Many, many bumps awaited us in that narrow passage, transitioning from New Jersey to Washington. We listed our house just as the housing market was crashing. We languished for nine months before we were able to sell our beloved manse. The upside of that drawn-out process was that our house was no longer soaked with memories — it had become just a bit of real estate that we needed to sell.

But every place experienced a housing bust, right? Not Washington — or at least it seemed that way. To summarize a long and heartbreaking process, we were not able to find a suitable home in the cool neighborhood nor anywhere else in the city. Our real estate agent told us that what we could afford was basically a “starter home” in D.C. A starter home! After 35 years of homeownership, that was a piercing blow.

Eventually we came to our senses and bought a lovely home just outside the city in the “urbanizing” suburb of Silver Spring near public transportation, libraries, supermarkets and banks. We loved the house and were shocked to find that in a place less than 20 years old, power strips were unnecessary to access electricity, pretty much everything worked and the neighbors were kind. We were ready to trade the charm of an old house (“charming” is what sloping floors are called in that leafy suburb from which we moved) for the convenience of newish construction.

The next shock was finding that I had unprecedented levels of anxiety associated with not working, with seeing myself as retired. If I was not a practicing psychotherapist, who was I? The role of grandparent was not quite capacious or challenging enough to keep my restless spirit and mind occupied. I needed to work. With everything else changing — house, town, neighbors, community — I needed to be grounded. Work grounded me.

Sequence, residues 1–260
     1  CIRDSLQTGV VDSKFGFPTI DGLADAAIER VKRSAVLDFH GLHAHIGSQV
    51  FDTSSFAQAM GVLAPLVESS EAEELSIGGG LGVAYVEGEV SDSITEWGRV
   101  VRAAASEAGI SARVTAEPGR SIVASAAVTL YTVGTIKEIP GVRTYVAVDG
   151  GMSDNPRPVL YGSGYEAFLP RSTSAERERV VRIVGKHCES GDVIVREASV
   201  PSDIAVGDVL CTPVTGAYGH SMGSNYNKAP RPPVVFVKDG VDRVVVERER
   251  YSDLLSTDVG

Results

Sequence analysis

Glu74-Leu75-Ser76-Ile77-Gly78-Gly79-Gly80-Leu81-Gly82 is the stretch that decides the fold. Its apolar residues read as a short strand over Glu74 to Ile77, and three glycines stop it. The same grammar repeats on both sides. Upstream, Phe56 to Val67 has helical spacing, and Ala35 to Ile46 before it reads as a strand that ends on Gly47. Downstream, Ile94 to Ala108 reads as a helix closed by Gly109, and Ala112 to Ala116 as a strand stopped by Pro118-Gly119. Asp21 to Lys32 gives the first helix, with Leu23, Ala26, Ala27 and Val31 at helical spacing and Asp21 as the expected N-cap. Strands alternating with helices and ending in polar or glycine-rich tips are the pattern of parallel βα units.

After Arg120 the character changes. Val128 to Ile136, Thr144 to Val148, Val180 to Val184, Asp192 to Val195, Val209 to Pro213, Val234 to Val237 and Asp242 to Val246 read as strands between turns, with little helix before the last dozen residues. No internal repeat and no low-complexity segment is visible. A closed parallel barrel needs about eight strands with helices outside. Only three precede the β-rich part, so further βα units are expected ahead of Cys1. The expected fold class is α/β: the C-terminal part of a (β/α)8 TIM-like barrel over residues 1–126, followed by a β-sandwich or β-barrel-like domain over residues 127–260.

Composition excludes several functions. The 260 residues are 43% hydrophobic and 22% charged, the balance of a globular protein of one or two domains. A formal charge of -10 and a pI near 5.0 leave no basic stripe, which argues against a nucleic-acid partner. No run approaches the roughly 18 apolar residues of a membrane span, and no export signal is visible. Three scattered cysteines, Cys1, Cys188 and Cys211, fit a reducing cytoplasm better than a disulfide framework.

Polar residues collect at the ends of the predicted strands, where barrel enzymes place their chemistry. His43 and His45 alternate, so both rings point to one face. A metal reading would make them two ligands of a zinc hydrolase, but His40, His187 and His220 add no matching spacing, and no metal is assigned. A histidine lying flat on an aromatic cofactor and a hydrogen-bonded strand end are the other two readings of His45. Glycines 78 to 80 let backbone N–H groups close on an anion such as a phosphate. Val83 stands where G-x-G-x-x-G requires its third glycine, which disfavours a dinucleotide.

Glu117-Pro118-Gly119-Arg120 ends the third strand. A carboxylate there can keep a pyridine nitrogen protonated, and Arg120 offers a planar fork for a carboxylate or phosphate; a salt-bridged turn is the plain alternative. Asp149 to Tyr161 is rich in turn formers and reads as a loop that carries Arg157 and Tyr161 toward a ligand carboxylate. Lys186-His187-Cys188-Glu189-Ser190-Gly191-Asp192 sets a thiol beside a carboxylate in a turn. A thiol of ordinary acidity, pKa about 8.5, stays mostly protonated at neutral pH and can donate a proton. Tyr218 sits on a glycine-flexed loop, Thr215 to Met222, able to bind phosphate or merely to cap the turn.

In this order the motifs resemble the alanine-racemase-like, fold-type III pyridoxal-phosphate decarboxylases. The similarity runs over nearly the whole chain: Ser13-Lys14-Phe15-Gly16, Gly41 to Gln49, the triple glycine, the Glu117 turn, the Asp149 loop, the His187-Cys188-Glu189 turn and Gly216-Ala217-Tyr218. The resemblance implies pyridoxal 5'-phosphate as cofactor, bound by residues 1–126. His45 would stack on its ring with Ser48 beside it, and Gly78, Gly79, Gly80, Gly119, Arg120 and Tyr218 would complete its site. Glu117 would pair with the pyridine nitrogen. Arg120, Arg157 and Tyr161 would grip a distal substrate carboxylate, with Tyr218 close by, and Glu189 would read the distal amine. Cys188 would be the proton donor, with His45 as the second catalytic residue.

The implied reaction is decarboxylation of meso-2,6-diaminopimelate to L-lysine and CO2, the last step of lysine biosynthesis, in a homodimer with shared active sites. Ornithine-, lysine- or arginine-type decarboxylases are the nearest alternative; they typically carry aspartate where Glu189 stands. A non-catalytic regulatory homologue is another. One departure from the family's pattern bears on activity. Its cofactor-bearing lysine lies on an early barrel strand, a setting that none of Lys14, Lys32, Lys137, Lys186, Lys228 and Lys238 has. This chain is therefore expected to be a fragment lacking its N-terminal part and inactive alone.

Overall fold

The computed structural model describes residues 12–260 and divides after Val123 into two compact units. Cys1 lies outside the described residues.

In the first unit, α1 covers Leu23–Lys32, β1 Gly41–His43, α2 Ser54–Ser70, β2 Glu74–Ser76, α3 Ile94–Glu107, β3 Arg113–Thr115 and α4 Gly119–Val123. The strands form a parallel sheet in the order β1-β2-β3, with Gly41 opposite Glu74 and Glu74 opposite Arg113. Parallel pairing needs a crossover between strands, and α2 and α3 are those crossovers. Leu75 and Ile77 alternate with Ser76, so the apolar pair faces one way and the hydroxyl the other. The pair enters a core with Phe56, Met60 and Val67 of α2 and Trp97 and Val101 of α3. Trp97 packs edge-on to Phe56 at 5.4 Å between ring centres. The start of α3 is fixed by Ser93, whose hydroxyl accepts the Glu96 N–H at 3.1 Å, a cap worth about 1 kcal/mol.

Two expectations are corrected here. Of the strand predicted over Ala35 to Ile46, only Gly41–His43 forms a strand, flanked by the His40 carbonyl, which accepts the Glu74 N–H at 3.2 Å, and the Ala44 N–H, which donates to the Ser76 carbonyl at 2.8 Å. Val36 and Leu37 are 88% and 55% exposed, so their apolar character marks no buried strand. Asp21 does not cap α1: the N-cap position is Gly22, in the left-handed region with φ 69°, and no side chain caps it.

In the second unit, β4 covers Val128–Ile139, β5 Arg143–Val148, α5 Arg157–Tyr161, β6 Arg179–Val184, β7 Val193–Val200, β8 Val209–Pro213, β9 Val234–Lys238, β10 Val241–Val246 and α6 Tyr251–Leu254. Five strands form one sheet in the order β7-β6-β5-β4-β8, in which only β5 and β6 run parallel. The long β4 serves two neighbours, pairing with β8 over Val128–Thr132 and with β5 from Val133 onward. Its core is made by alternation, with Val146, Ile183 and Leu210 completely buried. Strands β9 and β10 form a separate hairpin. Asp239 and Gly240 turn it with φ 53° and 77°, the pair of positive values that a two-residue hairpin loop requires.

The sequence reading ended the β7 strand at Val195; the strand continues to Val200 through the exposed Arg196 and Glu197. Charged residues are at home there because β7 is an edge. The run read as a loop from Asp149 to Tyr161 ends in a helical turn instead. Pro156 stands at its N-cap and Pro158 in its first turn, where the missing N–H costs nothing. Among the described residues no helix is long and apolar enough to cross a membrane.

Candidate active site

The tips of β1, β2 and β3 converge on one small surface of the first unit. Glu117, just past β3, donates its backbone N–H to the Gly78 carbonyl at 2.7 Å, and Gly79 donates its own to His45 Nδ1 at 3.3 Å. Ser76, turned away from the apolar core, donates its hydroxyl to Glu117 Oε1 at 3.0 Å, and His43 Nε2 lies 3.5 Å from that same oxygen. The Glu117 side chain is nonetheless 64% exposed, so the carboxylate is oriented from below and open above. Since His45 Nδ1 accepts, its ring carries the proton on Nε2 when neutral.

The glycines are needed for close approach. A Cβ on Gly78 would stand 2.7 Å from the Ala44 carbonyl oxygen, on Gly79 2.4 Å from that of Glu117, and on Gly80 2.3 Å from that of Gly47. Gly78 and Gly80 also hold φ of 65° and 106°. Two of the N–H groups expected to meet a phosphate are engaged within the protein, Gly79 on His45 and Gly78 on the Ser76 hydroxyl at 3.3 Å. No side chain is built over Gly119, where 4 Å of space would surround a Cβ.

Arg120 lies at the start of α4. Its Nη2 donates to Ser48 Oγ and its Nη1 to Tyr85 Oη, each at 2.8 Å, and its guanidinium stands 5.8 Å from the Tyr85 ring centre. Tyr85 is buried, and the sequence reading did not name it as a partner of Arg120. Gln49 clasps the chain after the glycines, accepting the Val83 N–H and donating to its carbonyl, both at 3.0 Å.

Alas, in order to work I had to do the steep climb of getting credentialed in Maryland. All the training and experience and reputation I had accrued over almost four decades counted little in my new state. I felt a little like an immigrant, highly trained in my own country, needing to start over in my new one. But it was doable, and I fought my anxiety to a draw and did it. I started a part-time practice and got myself back in the game.

For many months after moving into our new home, I blessed the house every day. It was full of light, the windows large and numerous. The New Jersey manse, while lovely, had been pretty dark surrounded by old trees and facing north. I wasn’t cold all the time in our new home. The heating system in a drafty Victorian built in 1897 will always work overtime to keep the bite of winter at bay. Our now adult children recall that as children their father had convinced them it was impossible to turn the heat up in winter, that’s just how the thermostat worked. In the summer, a recently installed cooling system never quite did the trick, either. In our new home, we could be toasty in winter and comfortable in the swampy humidity of summer. And we could adjust the thermostat!

We didn’t need to do much work in our new home — it was well kept and even nicely decorated. Most of the old furniture fit well into the new rooms. We did some painting but left several rooms untouched, and we liked the bold colors that the previous owners had chosen. We did decide to do a new kitchen but kept the updates to a minimum.